It was Game 1 of the 1992 NBA Finals and the Chicago Bulls were taking on the Portland Trail Blazers. The series was being pitted as a rivalry between Clyde Drexler and Michael Jordan, with some reporters daring to suggest that perhaps Drexler had caught up to Jordan in the best-player-alive debate.
It was the shrug seen around the basketball world, as iconic Chicago Bulls figure Michael Jordan even amazed himself as he lit up the Portland Trail Blazers from behind the arc.
In that game, MJ was an absolute assassin from behind the arc. Jordan — a career 32.7 percent 3-point shooter who shot a mere 27 percent during the 1991-92 regular season — dropped six deep balls in the first half alone, tying a Finals record for 3s in a half, set by Michael Cooper in 1987 and tied by Bill Laimbeer in 1990 (Ray Allen broke the record in Game 2 of the 2010 Finals with seven first-half 3-pointers.)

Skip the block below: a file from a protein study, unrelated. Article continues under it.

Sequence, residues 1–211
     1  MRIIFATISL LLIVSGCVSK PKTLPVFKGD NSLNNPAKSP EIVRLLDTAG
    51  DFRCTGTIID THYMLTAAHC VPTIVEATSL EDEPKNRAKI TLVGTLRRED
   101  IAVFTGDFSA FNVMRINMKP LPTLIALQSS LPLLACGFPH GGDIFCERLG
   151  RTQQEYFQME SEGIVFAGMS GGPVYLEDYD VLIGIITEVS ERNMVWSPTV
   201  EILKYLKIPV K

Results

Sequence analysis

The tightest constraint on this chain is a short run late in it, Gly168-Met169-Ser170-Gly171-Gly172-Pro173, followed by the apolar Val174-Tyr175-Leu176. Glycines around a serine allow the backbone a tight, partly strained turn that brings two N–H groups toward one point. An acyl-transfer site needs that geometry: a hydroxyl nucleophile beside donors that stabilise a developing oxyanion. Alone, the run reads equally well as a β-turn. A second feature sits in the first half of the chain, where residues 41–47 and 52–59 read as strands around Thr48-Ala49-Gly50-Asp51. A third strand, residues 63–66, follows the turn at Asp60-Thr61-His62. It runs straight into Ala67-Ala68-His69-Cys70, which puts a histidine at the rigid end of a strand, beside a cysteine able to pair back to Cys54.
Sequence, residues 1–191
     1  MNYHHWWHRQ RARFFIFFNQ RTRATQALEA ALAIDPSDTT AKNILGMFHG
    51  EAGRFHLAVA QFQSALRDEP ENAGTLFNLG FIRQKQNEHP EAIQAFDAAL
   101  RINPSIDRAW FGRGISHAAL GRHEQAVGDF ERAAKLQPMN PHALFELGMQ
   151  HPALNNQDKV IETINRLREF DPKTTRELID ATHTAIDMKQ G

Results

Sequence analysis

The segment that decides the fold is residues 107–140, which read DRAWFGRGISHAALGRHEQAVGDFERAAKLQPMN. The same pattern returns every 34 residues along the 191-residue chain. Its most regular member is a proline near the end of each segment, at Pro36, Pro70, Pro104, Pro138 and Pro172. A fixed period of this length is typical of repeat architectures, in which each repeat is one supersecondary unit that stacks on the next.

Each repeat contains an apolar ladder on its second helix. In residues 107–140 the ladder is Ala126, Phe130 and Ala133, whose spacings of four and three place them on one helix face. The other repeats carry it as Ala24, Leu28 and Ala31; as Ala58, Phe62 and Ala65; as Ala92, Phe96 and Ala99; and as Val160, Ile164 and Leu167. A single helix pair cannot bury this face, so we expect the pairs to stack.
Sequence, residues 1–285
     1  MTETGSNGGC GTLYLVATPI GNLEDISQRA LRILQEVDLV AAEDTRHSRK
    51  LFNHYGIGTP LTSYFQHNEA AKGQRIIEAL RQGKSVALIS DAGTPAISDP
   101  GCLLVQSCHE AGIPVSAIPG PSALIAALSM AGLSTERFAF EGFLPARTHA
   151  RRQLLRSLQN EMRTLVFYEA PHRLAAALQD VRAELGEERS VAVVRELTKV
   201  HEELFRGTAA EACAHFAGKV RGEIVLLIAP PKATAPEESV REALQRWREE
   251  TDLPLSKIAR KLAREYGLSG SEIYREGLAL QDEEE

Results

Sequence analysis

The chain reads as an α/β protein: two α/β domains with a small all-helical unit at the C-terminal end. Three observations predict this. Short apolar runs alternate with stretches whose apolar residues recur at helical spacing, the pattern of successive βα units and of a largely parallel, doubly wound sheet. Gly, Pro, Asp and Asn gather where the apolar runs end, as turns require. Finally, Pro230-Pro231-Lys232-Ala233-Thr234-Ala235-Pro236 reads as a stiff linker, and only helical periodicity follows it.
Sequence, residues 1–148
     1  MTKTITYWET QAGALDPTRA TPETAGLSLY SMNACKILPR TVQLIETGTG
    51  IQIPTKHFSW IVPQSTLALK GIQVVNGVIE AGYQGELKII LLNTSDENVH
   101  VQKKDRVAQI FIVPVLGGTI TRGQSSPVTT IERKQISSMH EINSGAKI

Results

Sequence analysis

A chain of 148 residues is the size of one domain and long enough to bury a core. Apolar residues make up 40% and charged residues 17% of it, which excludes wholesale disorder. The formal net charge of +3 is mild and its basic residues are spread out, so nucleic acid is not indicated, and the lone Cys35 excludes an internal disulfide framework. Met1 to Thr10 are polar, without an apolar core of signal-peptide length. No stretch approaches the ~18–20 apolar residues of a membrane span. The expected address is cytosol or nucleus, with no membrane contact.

“Shots started dropping from everywhere,” said Jordan after Chicago’s 122-89 win. Guarded by Cliff Robinson, Jordan let it fly. When the ball swished, his first reaction wasn’t a shrug, but instead a taunting shake of the head — no, no, no — in Robinson’s direction. The Shrug. As in: “What in the hell did I just do?” or “What can I say?” The Shrug happened when Jordan glanced courtside at Magic Johnson, then an NBC commentator, and it became iconic.
“Let me tell you, I surprised them as much as I surprised you and myself, the way I was shooting today,” said Jordan following Game 1, which is now known as “The Shrug Game.”
“I had to ride the wave when I had it, and everyone picked up on it.”
Out of all of Jordan’s legendary playoff moments, this is definitely one of the most memorable ones. Because everyone has had a Michael Jordan shrug moment before.